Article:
The pressure was rising, the chances of winning six figures were getting more remote, and Jade Thomas, a 29-year-old former U.S. marine, was starting to feel worried under the bright lights of the "Deal or No Deal" stage. Then host and executive producer Howie Mandel invited Thomas' mother to join her.
"When Howie brought my mom on stage, I felt a lot of stress and anxiety float away," Thomas tells CNBC Make It. "I got very emotional because my mom and I are so close and I think he saw the relationship we have is very genuine."
The company helped: "Having that comfort so close to me," she says, "just made me feel reassured, like, 'OK, you can do this. You've got this.'"
Thomas and her mom, Cheryl Myles, have always shared a special bond, even in a family of seven children. That's why whatever amount of money she won, Thomas says, she knew would split: "Half for my mom, half for me."
"I've always felt like we've had that close relationship," Thomas says. "At the end of the day … I know if my mom ever needs anything, she can depend on me."
For a while during the game, though, it was Thomas who needed to depend on her mom for support. "When she first went up there," Myles recalls, "I think she was a little nervous because I'm watching her face and, I mean, I know my kid's face. She looked a little tense.
"I think I put her more at ease. I think they may have called me up to be her good luck charm."
Indeed, luck seemed to strike: Myles began eliminating cases with low amounts of money.
"Yeah, I don't know how that happened. It's one of those things," Myles says. "When we saw the low numbers going off, our minds were just like, 'Oh, my God.' We had no rhyme or reason, or we didn't have a system of which number to call first, second or anything.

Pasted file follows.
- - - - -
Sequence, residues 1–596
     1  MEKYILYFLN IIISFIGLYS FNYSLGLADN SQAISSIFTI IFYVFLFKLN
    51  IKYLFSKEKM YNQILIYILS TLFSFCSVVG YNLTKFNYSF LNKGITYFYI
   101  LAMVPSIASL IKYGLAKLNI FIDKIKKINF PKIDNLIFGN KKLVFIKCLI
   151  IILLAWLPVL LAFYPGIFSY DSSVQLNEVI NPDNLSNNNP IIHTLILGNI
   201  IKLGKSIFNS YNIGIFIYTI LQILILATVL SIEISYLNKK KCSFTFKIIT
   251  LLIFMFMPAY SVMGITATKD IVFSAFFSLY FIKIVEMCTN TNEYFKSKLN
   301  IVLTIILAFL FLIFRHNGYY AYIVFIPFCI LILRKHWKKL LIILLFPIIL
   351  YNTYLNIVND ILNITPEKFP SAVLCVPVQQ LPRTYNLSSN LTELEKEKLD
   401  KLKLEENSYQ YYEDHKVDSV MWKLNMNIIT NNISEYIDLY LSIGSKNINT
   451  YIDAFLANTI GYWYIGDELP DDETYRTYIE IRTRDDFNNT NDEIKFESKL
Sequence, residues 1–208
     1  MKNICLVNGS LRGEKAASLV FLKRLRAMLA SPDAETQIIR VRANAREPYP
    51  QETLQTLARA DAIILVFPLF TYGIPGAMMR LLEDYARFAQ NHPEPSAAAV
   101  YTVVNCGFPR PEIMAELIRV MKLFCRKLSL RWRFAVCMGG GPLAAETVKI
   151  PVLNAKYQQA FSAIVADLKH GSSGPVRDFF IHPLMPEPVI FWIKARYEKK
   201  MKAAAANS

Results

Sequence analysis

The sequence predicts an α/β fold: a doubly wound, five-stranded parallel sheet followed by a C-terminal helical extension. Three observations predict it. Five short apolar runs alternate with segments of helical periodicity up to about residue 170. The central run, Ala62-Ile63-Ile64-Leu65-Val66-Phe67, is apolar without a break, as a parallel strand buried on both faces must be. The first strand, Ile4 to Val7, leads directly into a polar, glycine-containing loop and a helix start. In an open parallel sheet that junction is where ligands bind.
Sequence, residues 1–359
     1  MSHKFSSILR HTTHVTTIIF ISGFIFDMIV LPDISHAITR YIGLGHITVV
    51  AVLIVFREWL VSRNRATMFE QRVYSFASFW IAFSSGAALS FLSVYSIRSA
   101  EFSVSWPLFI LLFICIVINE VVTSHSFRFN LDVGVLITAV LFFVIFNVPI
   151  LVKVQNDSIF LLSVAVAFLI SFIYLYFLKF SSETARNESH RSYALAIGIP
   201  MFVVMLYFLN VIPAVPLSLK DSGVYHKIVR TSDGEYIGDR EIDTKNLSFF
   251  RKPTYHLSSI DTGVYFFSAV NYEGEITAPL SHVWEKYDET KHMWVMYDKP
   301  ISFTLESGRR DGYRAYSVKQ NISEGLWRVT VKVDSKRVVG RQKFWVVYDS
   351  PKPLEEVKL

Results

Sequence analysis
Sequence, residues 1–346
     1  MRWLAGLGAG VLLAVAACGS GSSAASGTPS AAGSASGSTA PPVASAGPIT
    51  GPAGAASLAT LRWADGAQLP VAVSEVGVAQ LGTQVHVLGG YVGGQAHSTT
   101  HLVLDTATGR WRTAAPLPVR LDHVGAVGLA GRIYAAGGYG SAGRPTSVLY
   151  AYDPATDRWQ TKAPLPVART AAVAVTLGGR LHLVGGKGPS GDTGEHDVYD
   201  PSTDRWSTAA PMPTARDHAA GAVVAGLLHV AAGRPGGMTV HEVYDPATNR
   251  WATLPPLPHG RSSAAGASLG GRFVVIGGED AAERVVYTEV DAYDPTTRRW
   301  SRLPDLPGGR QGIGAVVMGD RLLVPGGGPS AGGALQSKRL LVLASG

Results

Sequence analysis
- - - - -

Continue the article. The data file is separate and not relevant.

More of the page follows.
"But it did seem like the tide turned when I went up. It was like, 'Wow. … Did I really turn the tables for my daughter? Was I finally able to do something for Jade that she's always done for me?' So I was really happy at that point that I could make such a difference in her game."
As more cases were knocked off the board, Thomas thought to herself, "Let's just keep going. As long as you don't open the million, you're going to keep going." And every time another low amount was eliminated from the game, she says, "of course, it was just unreal."
But like Mandel, who says he'd be one of the show's "worst contestants ever" because he doesn't like to gamble with money, Thomas says she also wanted to "play smart" and approach the second half more conservatively.
"I've watched episodes where people have walked away with nothing — $5, $10, less than a thousand dollars," she says. "And I knew going in that you still have to play with a level head."
She ultimately accepted a deal from the banker for $233,000, plus a bonus drum kit for her mom, who is an avid drummer.
Thomas says she isn't bummed about not winning $1 million. "I am not disappointed at all. I am so grateful for the amount of money that I won. I went in there with a set amount that I was hoping would be a goal and I surpassed what my intentions were."
Plus, she was excited about the game itself. "The whole experience was absolutely a dream come true. The best part was spending time with my family because we never had a family vacation growing up, so it was nice for us all … to have a nice little vacation."
Thomas says she hopes the money can help her parents, since they sacrificed so much to raise her and her siblings. "My parents, especially my mom, sacrificed a lot raising seven children. She sacrificed having a career so she can be at home taking care of [us].
"I knew that once it was time for me to leave the military and head down the road to become a teacher that, when I was established in my career, I was going to find a way, somehow, to give back to my mom and dad," she says. "That means more to me than winning the money."
As for her half of the winnings, Thomas says she and her husband plan to buy a home in Georgia, pay off some lingering debt and take their two daughters to Disney, "because we've never been on a family vacation, either."
And for the rest, she plans to put it into savings. "I don't plan to blow it in a day. We want to make sure we're being smart about it."
Her advice to anyone who comes into a huge windfall: Take a breather before making any big decisions — an idea co-signed by Tomorrow Rodriguez, who won $1 million on the show in 2008.
"Really think about what you want to do because you'd hate to think back, like, 'Man, I just blew through this money,'" she says. "Hold out for a second before you start swiping your card."
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